The Andalucian region is situated in the south of Spain. The coastline is shared between the Atlantic and the Mediterranean with the seas joining at the bottom in the Strait of Gibraltar. Tarifa, continental Europes southernmost town, is only 15kms. from Africa.
Andalucia covers 17% of Spain, 87.000 square km in total, making it the largest single region in the country, with an area greater than countries such as Belgium, Holland, Denmark, Austria and Switzerland.
There is an amazing contrast between the warm Guadalquivir valley to lush low mountain areas, from volcanic landscapes such as the Tabernas Desert to the white peaks of Sierra Nevada.
Protected areas as Parque Natural de Cazorla or Parque Nacional de Donana offer a natural countryside full of vegetation and keeping the varieties of animals protected from hunting and human interference.
The Guadalquivir that runs through the region is derived from the Arabic meaning for "great river". Many areas of Andalucia have a big Arabic influence.
The coastline can be regarded as equally varied. From the breezy, dune-flanked expanses of the beaches from Huelva to Tarifa, to the sandy but often crowded ones of the Costa del Sol and the more rugged volcanic coast in Almería, the coastal medley is quite staggering.
The whitewashed villages of Andalucia are impressive historical monuments in themselves, and their people still live according to age-old traditions, inherited from their Iberian, Roman and Moorish forefathers.
Casares is a picture postcard village, within an easy reach from our holiday rentals in the Port of Duquesa, with a population of just three thousand and the view from the approach is definitely worth a photo. Most of the white villages are beautiful but there is something very special about the sight of Casares that causes the visitor to park the car and simply stare or take a photo.
Searching back through time provides some interesting facts about Andalucia and the different cultures that have emerged from the various settlers and invaders.
Going back to the year 411 A.D. indicates where the name Andalucia was derived from. A group known as the Vandals decended from the other side of the Rhine and chose to settle in the Guadalquivir valley and North Africa. They linked the two coasts for over half a century before being run out by the Visigoths. However, before this happened the area had been named Vandalusia.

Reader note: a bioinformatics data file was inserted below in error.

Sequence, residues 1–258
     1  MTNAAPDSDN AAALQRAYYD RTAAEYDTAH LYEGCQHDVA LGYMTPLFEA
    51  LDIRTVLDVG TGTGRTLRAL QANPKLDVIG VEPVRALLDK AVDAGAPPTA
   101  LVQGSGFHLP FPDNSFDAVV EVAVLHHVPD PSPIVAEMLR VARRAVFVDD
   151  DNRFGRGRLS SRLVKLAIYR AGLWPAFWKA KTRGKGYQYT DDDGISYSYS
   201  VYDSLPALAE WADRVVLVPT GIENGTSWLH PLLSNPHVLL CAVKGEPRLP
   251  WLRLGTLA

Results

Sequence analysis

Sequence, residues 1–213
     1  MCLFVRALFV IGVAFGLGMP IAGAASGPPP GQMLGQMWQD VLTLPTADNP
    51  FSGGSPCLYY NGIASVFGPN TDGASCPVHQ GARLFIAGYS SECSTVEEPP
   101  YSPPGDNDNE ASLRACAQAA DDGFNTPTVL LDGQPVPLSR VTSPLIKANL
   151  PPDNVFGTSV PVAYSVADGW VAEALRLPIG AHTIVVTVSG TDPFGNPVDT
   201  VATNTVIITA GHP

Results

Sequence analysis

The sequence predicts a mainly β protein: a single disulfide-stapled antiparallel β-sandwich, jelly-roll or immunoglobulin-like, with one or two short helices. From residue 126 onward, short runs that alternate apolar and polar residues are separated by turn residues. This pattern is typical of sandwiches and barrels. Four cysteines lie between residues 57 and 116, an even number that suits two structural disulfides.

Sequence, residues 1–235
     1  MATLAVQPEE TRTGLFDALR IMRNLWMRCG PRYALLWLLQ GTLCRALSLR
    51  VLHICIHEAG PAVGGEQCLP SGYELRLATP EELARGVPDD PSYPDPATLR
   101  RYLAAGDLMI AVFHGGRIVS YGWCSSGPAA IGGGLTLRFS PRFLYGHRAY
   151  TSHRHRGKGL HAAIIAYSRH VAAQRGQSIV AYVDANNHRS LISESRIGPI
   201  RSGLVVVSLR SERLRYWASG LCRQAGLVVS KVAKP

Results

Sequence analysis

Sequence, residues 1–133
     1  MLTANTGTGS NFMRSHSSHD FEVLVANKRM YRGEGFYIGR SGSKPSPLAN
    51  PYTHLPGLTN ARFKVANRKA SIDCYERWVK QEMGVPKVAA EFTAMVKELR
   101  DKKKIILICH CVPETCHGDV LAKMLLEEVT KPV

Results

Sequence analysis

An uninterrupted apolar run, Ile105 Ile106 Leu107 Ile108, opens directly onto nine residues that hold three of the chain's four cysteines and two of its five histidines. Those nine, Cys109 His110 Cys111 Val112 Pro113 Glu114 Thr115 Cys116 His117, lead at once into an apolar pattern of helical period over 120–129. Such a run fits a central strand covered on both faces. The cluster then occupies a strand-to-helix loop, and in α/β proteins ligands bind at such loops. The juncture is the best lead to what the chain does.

In the year 711, the Moslems arrived to the region. The caliphate of Cordoba was the most sophisticated state in Europe.
For eight centuries, the Arabs enlightened the area with agricultural techniques, botanical and scientific knowledge, poetry and intellectual development.
The breakdown of the political system in 1236 was pounced upon by the Christian kingdoms in the north of the peninsula to speed up their retaking of the area.
In 1236 Cordoba was the first to fall followed by Seville in 1248.
The last stronghold, the kingdom of Granada was finally conquered by the Catholic monarchs in 1492.
Andalusia has a mild climate, its wonderful beaches that stretch from Murcia to Portugal, the snow in Granada reaches a kilometres to the sea, the olives tree in Jaen, their Parks and Nature Reserves, the best conserved of Europe.
Andalucia has also the famous white villages, its flamenco songs and dances,friendly likeable people and its wonderful life-style.
Flamenco is a passionate and seductive art form, a mysterious and misunderstood culture that has been burning in Andalucía for nearly five hundred years, and today flamenco has thousands of aficionado’s worldwide.
Flamenco has been shrouded in mystery for many years, and it has only in recent years become known to, but not fully understood by, the rest of the world.
Many people witness flamenco in some form during their summer vacations in Andalucía, especially on the Costa del Sol, where there are flamenco Tablaos in abundance, these though rarely show the true flamenco.
Andalucía is a place that burns with life, colour, and romance. It is a place of music and dancing, of plucked guitar strings, and the snapping of fingers, clicking castanets, and the stamping of feet, all of which mould together to create this wonderful culture we know as flamenco. Bullfighting as we know it today, started in the village squares, and became formalised, with the building of the bullring in Ronda in the late 18th century.
From that time, it began to follow a particular sequence of events: the entrance of the bull, the picador, the banderilleros, and finally the matador (bullfighter).
Many of the picadors' horses were injured in the early days, so these heavy horses now wear protection.
Ronda is the oldest bullring in Spain. It hosts the famous Goyesque Fair in early September. Some bullrings house bullfighting museums. They can also be used for other events such as pop concerts.